Child support calculations are one of those areas that people end up very confused about, leading to a wide variety of various calculators and tools for the purpose of determining what the guideline amount of child support should be set by the court. For the vast majority of cases, child support is calculated strictly according to this formula, and effectively is just a math equation to determine the amount owed each month.
However, there are some rare occasions where the guideline amount of child support is not an appropriate amount, and in those situations the court does some some authority to deviate from traditional child support guidelines. It is important to be aware of all the different factors the court uses in determining the amount of child support owed as the “obligor.” Although the amount of child support based on the statutory percentage applied to an obligor’s monthly net resources is a presumption, the court has discretion to vary from the Texas statutory guidelines, upwards or downwards, based on relevant factors. These factors are known as “the best interest of the child factors” and the court’s discretion in deviation from the statutory guidelines is broad and considers the totality of the circumstances such as:
A Few Texas Child Support Guideline Deviation Factors:
- The age and needs of the child;
- The child’s educational expenses beyond secondary school;
- Payment of health insurance or uninsured medical expenses for the child;
- Extraordinary educational, healthcare or other expenses of the parents or the child
- Whether either parent has managing conservatorship or possession of another child;
- Each party’s period of possession of and access to the child;
- Travel costs for exercising possession of and access to the child;
- Child care expenses;
- Each parent’s respective ability to contribute to the child’s support;
- Debts assumed by either parent;
- The net resources of the obligee (the parent receiving child support); or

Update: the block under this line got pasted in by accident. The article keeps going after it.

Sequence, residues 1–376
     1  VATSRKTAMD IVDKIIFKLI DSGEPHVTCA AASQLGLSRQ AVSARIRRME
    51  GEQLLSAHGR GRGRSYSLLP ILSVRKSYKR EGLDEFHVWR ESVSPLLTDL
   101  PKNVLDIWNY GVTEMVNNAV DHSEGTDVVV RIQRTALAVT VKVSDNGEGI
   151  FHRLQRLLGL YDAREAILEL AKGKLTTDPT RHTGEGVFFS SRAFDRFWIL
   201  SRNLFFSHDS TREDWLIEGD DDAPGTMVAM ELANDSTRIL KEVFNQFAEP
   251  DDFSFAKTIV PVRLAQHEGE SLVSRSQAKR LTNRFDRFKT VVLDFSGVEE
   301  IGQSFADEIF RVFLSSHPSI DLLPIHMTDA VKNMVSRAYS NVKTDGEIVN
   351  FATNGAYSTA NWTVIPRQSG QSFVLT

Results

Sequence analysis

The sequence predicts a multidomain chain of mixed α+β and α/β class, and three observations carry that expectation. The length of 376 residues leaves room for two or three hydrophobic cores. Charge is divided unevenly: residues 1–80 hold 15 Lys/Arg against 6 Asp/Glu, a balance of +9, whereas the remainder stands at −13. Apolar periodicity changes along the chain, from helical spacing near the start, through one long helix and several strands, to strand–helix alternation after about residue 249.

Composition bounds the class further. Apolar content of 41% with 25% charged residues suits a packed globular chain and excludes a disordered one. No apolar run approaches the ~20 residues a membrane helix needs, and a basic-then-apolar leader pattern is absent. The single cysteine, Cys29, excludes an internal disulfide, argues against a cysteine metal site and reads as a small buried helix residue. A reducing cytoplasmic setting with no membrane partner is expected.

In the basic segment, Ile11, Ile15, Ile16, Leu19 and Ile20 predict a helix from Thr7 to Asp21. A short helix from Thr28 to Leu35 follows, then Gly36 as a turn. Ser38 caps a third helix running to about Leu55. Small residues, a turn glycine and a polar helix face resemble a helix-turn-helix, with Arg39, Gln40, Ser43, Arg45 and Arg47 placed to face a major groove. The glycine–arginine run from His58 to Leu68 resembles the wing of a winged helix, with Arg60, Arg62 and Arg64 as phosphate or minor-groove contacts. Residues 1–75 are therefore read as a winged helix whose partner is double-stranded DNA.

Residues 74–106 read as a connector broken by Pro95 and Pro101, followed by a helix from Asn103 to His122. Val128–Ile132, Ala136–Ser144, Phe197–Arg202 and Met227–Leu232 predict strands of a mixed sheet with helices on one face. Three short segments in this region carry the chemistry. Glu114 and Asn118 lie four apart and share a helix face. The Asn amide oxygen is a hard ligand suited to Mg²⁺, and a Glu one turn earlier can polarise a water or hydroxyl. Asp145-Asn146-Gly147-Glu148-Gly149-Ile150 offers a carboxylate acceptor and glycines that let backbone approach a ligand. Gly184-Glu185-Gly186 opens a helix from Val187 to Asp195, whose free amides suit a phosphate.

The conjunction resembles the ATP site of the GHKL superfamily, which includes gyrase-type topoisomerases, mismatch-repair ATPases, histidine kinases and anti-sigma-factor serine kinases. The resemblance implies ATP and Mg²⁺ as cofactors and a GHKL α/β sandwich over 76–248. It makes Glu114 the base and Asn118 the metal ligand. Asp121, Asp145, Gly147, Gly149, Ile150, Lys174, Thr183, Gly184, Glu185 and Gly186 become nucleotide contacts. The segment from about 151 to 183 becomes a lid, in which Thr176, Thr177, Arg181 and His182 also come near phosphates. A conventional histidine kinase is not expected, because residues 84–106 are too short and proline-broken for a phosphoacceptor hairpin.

- The amount of alimony or spousal maintenance paid or received by a parent.
Some of these areas are vague enough to apply to a wide variety of circumstances, however, in my experience it is not particularly common that a judge will deviate from guideline child support and it is important to bring as much evidence as possible to show why the circumstances warrant a different child support amount (either higher or lower), and also to base as much of that evidence as possible on what is in the best interest of the child. Many of my clients tend to want to focus primarily on concepts regarding the fairness to one of the parents, however, that is not really something that the court is considering when making these determinations. Ultimately, the court tries to determine what outcome they believe is in the best interest of the child, so it is important to provide evidence as to why shifting around the child support can achieve that end.
In general, child support in Texas is a numbers game, and the burden of proof lies heavily on the party seeking the “non-standard” amount. That said, the courts do have somewhat broad authority in this area, and if the judge takes a particular dislike to you or your ex-spouse, it can often prompt them to consider modifications that they may not otherwise grant. The more sympathetic as a whole a parent is, the more likely the judge will side with that parent in other arenas too, such as child support. Usually the party who the court believes has the best interest of the child most at heart tends to be the most advantaged in child support and custody matters, so re-framing your arguments to touch on that can go a long way.